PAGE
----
We filled in the application and waited for a call back. They were pretty quick actually and called within 1 business day. So far, so good. When we got chatting, one of the first question you get is where you will be using the money for. Being honest, we said for the purchase of a property. That was no issue.
But then the lady on the phone started asking if this was our only property. So again we answered honestly and said that we owned 5, including our own house. She returned by saying that she had to talk to a manager.

NO!

A few minutes later she returned with an unfortunate answer. They could not provide us with the loan as we had more than 4 properties. Apparently, if you own more than 4 properties you are seen as a business (even though we own the properties privately). We got told to look for a business loan and that the application was not going to be processed further.

A little miffed we asked if there was any other way to still obtain a loan, but that was pretty much a done deal (and we don’t have to try this again any time soon). Unless you want to commit fraud and change the application to a home renovation (which would be sort of true). But that’s not our style, so we have to revert back to the above options if we want to finance another property….darn.

We did ask if our income would support the personal loan, at least the answer to this question was yes. This was a bittersweet conclusion of the conversation.

We are still considering another personal loan company to see if their regulations are less strict. Do you have any other suggestions? Ones we have not thought about? We have considered a personal loan with the seller, but there are few sellers interested in such a setup unfortunately.

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32 comments

  1. These are the potentially frustrating paradoxes of the Dutch real estate market. >100% LVRs at very low interest rates and deductable mortgage interest, but only on a primary place of residence. Great rental returns, but restrictive mortgage T&Cs and very pro-tenant laws.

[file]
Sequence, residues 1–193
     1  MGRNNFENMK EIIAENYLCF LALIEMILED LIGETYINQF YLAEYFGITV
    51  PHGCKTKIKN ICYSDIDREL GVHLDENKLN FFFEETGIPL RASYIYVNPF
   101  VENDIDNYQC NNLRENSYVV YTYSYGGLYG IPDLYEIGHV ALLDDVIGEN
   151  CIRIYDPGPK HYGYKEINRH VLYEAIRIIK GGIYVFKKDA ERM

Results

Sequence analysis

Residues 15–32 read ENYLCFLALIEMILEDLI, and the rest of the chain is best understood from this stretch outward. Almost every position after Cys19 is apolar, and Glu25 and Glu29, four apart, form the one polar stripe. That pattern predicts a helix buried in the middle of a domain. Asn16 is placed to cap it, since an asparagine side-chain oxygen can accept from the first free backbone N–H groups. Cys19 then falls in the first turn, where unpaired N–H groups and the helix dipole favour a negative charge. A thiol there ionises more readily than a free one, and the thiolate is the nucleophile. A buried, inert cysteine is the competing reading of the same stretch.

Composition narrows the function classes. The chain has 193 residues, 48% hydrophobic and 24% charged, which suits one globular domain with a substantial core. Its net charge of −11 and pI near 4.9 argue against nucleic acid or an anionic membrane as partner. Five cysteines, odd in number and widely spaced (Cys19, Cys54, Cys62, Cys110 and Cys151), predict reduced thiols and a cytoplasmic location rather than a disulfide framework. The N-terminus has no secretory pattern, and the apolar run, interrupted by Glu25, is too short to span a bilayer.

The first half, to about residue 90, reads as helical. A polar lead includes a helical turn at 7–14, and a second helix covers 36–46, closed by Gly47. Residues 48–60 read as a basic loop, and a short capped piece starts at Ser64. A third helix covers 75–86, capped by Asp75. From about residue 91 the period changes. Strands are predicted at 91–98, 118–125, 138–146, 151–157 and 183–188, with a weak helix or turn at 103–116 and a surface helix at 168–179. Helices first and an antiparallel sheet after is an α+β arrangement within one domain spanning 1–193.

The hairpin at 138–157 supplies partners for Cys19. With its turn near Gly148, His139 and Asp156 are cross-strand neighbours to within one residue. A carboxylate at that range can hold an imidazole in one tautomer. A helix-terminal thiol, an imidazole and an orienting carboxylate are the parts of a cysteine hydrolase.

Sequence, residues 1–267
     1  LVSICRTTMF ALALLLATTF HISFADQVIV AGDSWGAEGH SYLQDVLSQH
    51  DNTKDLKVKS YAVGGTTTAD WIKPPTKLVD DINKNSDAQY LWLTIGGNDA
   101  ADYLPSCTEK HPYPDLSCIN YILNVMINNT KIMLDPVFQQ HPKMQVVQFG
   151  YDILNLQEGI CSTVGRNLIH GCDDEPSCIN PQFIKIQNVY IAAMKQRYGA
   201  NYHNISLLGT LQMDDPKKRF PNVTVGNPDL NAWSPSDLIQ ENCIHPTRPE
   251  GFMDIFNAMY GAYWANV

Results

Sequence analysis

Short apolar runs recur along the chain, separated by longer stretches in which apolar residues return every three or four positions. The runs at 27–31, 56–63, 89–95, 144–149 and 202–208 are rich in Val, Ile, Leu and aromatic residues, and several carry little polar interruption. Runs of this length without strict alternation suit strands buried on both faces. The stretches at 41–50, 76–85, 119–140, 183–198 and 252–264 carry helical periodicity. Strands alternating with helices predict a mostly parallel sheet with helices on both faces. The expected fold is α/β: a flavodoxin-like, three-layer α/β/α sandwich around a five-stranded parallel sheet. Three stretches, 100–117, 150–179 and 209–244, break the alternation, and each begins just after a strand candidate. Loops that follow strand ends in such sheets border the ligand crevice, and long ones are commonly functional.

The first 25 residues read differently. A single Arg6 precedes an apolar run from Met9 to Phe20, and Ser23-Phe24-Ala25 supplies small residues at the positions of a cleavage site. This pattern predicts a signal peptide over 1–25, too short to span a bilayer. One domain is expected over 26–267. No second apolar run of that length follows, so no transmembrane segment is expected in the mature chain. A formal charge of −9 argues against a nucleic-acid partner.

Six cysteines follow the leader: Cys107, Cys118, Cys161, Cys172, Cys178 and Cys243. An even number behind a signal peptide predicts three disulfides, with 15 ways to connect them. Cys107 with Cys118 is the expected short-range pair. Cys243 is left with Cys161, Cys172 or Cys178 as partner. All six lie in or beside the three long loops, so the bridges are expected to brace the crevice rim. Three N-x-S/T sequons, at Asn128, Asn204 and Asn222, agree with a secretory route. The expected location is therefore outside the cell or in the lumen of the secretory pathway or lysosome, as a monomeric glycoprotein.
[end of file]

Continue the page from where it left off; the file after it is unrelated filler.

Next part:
Why are you looking at such low priced properties? Isn’t there a significant risk that the property doesn’t have enough points to be considered as “vrij huur sector” and you risk a rent tribunal event?

    For us it’s a key selection criteria to determine whether a property is a viable investment ie. points must well exceed the threshold.

    Regarding financing, good luck! I know someone who recently managed 2.8% on an investment mortgage. Their price point was ~280keur though, and LVR ~70%. On our properties, this financing structure would still have a net ROI of ~8%, which is attractive.

    However, as you said, to get such a deal done would require circa 100keur own equity (cash). All that said though, (some of) the up-front costs diminish proportionally (broker) when the purchase price is higher like this.

    I believe philosophically what you said in some of the comments. There is a way, but it’s a puzzle to solve. Just a matter of arranging and rearranging your affairs until you’re in position to take advantage of the opportunities you’re seeing. I said, “just”, but it’s quite some leg and brain work. A wonderfully rewarding challenge though!

    1. Hey Cameron,
      Thanks for the comment, always appreciated! But you got us curious, so we have a couple of questions/comments:
      – was the €280 the assessed market value in rented state or the market value? This matters for the LVR and thus required cash.
      – who is the mortgage provider? Looks like a foreign party (have not seen 2.8% at NIBC, but could be wrong).
      – as you note, a 70% LVR with a €280k property, that is still €84k of your own many plus closing fees and any renovations/repairs. That is a lot of money! We don’t have that laying around 🙂
      – we actually aim for a property right above the “vrije sector huur” value. In short, about a 65-70m2 condo or 50-55m2 small house (both subject to level of finishings). These are very hard to find below €100k, unless there are lots of things to reno.